Updated Nov 19, 2022, 12:09pm EST
FIFA president Gianni Infantino raised eyebrows at a news conference Saturday over a series of strange comments defending the policies of Qatar’s extremely conservative Muslim government, while insisting he remains “200% in control” of the tournament as concerns grow that Qatari officials—who allegedly bribed FIFA to secure hosting rights over the U.S.—have taken complete control of events.
Infantino claimed Qatar’s last-minute decision to ban beer sales outside of stadiums, which stunned Budweiser and other advertisers, was taken in conjunction with FIFA, calling the ban “intelligent” and something FIFA should have considered earlier.
He also hit back at critics who are shunning the tournament over human rights violations, such as the reported deaths of 6,500 migrant workers who built World Cup stadiums, saying he confronted authorities about the issue while positing that Europeans “should be apologizing for the next 3,000 years before starting to give moral lessons to people.”
Infantino also again played down concerns that LGBTQ fans are risking their safety by attending the World Cup, even though homosexuality is illegal in Qatar, citing assurances from Qatari authorities that “everyone is welcome.”
The FIFA president slammed reports the Qatari government has hired fake fans to attend events due to little interest from Western countries, calling it “pure racism.”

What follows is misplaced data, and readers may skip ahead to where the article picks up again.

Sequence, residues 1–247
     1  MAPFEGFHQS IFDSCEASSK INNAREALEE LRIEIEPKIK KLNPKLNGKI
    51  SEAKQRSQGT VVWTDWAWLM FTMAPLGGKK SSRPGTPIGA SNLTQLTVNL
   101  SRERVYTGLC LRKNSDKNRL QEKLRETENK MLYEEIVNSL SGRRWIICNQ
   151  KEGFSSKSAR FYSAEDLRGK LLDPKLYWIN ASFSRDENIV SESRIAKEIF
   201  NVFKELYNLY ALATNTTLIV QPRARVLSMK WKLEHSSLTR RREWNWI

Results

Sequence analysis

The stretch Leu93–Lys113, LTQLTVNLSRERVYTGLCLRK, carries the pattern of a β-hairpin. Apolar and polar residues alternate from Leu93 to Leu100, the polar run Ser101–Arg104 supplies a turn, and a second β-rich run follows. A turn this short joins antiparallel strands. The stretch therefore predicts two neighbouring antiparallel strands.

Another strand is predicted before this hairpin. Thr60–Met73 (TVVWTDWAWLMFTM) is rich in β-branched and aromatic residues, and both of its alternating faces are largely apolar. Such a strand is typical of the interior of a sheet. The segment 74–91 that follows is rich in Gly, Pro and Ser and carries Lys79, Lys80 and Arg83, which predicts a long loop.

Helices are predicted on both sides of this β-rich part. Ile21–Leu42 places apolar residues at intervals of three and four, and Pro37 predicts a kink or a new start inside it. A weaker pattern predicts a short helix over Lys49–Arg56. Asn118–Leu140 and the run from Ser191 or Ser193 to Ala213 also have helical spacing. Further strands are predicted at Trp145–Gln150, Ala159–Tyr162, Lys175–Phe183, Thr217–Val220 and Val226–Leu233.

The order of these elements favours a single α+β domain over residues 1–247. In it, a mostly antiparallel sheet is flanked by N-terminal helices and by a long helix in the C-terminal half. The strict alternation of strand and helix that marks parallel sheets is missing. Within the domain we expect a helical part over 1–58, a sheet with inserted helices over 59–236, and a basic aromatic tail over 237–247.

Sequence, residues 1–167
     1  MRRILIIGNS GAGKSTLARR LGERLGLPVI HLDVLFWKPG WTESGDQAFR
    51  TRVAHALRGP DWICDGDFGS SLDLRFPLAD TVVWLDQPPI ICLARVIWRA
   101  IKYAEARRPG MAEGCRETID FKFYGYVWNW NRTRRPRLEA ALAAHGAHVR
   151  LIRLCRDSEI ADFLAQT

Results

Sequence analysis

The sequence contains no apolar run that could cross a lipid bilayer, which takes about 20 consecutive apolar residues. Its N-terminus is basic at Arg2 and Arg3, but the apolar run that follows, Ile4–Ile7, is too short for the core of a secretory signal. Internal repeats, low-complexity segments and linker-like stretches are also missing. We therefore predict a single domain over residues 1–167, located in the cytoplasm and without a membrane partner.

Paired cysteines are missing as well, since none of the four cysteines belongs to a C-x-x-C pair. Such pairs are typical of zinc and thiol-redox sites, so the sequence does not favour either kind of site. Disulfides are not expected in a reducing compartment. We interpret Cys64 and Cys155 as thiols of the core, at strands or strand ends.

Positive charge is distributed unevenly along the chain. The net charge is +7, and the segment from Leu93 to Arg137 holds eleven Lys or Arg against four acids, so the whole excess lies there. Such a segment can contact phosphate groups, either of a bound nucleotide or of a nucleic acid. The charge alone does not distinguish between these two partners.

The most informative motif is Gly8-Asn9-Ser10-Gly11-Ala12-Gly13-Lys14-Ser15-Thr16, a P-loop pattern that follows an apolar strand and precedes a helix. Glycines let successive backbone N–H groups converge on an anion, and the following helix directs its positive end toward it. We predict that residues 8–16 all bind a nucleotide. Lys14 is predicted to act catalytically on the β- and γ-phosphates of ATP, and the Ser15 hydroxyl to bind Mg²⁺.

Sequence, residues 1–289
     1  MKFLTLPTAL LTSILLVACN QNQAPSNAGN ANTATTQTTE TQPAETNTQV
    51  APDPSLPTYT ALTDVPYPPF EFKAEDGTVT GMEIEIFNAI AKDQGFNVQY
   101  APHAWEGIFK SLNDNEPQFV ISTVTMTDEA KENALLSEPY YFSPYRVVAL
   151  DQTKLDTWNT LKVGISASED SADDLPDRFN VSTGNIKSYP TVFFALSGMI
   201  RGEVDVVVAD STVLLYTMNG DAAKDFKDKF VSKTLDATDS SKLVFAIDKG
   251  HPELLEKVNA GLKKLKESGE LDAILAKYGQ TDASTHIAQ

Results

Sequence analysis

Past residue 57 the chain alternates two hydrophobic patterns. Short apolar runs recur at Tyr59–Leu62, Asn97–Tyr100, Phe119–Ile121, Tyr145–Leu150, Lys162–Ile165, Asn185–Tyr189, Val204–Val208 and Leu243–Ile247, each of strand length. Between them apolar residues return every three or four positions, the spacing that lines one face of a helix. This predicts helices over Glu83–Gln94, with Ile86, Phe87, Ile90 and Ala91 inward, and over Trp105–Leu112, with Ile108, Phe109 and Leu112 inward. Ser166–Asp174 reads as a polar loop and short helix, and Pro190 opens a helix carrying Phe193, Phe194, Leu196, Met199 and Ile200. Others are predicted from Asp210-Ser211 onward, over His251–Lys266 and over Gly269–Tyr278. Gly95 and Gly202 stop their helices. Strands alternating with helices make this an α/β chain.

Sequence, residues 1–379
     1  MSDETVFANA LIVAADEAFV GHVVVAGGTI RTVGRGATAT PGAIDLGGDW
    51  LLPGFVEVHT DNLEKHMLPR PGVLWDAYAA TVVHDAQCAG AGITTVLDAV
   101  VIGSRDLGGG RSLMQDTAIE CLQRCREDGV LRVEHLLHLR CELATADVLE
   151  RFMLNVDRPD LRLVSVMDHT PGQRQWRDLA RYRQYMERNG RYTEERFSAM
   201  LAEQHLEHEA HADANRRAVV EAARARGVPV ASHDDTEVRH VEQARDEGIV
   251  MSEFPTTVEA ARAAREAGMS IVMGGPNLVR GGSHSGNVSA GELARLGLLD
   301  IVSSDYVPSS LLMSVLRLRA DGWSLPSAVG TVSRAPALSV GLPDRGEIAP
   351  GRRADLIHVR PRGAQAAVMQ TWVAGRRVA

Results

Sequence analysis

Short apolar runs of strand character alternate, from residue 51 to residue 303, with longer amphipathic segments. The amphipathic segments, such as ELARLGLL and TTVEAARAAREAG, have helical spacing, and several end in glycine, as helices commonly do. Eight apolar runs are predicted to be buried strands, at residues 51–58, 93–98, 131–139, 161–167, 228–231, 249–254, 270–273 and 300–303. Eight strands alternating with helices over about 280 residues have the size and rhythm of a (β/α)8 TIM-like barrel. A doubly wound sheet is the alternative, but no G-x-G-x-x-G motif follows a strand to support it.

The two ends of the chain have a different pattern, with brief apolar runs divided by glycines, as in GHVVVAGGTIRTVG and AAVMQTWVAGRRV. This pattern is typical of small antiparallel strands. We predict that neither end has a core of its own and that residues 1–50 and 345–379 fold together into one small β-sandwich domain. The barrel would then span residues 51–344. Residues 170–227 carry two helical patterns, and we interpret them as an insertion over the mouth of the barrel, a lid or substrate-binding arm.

“Don’t criticize Qatar. Let people enjoy this World Cup,” Infantino told reporters.
Infantino said “I am not African, I am not gay, I am not disabled,” but added “I feel like it” while claiming he knows what it means to be discriminated against because he faced bullying as the son of Italian immigrants with “red hair and freckles” while growing up in Switzerland. He later blurted out: “I feel like a woman too!”
The decision to award the small, oil-rich Persian Gulf state the World Cup has been slammed since it won hosting rights in 2010, beating out a competing bid from the United States. The vote has been plagued with allegations of bribery and many top FIFA officials were later arrested over rampant corruption within the organization, which is soccer’s top governing body. This World Cup will also be unprecedented in that it’s being held in the fall, instead of the traditional summer window, due to the extreme heat present in Qatar during summer months. The decision to move the World Cup timeframe is a massive disruption to European clubs, most of which play a season from August to May. A YouGov poll released last week found respondents in most major Western countries do not believe it is appropriate for Qatar to host major sporting events.